Glacial aquifers are an important source of groundwater in the United States and require accurate characterization to make informed management decisions. One parameter that is crucial for understanding the movement of groundwater is hydraulic conductivity, K. Nuclear magnetic resonance (NMR) logging measures the NMR response associated with the water in geological materials. By utilizing an external magnetic field to manipulate the nuclear spins associated with 1H, the time‐varying decay of the nuclear magnetization is measured. This logging method could provide an effective way to estimate K at submeter vertical resolution, but the models that relate NMR measurements to K require calibration. At two field sites in a glacial aquifer in central Wisconsin, we collected a total of four NMR logs and obtained measurements of K in their immediate vicinity with a direct‐push permeameter (DPP). Using a bootstrap algorithm to calibrate the Schlumberger‐Doll Research (SDR) NMR‐K model, we estimated K to within a factor of 5 of the DPP measurements. The lowest levels of accuracy occurred in the lower‐K (K < 10−4 m/s) intervals. We also evaluated the applicability of prior SDR model calibrations. We found the NMR calibration parameters varied with K, suggesting the SDR model does not incorporate all the properties of the pore space that control K. Thus, the expected range of K in an aquifer may need to be considered during calibration of NMR‐K models. This study is the first step toward establishing NMR logging as an effective method for estimating K in glacial aquifers.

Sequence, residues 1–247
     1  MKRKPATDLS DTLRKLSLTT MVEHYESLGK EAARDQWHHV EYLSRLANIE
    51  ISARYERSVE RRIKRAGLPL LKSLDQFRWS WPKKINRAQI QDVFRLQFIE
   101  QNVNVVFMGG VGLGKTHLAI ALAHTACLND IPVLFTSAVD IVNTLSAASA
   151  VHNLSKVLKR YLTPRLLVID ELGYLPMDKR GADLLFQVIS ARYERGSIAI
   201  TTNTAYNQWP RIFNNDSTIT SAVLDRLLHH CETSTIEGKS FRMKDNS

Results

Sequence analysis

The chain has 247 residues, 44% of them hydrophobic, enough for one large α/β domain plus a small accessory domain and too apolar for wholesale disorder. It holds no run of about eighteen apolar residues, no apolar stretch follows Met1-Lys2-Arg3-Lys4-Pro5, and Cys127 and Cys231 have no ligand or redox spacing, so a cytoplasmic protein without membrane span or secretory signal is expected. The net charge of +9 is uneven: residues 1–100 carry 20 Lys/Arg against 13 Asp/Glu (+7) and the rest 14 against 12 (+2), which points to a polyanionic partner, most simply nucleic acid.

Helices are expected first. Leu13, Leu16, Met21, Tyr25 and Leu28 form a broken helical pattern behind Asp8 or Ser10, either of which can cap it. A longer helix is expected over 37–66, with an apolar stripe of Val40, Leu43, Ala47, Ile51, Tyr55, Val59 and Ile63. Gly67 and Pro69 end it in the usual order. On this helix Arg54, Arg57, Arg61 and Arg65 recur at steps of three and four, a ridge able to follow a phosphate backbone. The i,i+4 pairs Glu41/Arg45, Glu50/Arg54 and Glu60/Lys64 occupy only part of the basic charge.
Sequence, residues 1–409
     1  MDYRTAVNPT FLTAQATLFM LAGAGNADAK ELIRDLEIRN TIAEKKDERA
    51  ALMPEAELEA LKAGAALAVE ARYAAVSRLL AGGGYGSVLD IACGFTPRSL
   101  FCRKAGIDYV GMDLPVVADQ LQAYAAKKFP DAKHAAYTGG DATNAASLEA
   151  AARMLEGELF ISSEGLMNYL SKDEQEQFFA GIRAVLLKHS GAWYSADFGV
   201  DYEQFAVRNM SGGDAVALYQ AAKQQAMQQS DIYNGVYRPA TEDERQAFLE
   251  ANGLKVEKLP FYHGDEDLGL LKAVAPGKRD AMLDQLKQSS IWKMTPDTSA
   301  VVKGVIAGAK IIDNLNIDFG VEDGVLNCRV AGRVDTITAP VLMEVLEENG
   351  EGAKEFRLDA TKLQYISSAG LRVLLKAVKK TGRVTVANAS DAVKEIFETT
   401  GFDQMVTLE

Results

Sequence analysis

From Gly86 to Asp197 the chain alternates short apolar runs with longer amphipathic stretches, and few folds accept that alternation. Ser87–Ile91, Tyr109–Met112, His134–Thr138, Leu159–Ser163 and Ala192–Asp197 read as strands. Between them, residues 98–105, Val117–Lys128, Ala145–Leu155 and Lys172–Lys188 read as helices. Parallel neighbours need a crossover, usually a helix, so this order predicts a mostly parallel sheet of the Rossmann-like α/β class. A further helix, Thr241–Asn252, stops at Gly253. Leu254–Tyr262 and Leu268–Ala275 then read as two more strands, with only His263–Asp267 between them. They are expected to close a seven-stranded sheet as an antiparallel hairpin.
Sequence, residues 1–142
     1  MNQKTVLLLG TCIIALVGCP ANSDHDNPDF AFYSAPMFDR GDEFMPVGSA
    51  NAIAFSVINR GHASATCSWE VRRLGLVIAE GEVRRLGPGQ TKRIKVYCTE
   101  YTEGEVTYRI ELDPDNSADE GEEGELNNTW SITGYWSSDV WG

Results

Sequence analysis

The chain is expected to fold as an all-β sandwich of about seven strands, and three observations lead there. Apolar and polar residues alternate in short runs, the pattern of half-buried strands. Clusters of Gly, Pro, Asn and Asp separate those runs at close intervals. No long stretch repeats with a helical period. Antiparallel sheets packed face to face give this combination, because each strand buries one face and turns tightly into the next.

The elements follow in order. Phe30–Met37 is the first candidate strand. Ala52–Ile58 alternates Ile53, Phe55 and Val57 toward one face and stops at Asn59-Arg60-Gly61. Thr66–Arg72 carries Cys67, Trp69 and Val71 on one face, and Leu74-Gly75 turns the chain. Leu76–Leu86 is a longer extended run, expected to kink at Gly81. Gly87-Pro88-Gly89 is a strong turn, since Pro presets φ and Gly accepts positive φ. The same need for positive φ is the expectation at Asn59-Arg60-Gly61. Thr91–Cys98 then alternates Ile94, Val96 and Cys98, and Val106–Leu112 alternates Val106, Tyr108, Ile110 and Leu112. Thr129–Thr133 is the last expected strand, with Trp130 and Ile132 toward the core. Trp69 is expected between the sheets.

|Title||Assessment of NMR logging for estimating hydraulic conductivity in glacial aquifers|
|Authors||Alexander K. Kendrick, Rosemary Knight, Carole D. Johnson, Gaisheng Liu, Steven Knobbe, Randall J. Hunt, James J. Butler|
|Publication Subtype||Journal Article|
|Record Source||USGS Publications Warehouse|
|USGS Organization||Wisconsin Water Science Center; WMA - Earth System Processes Division|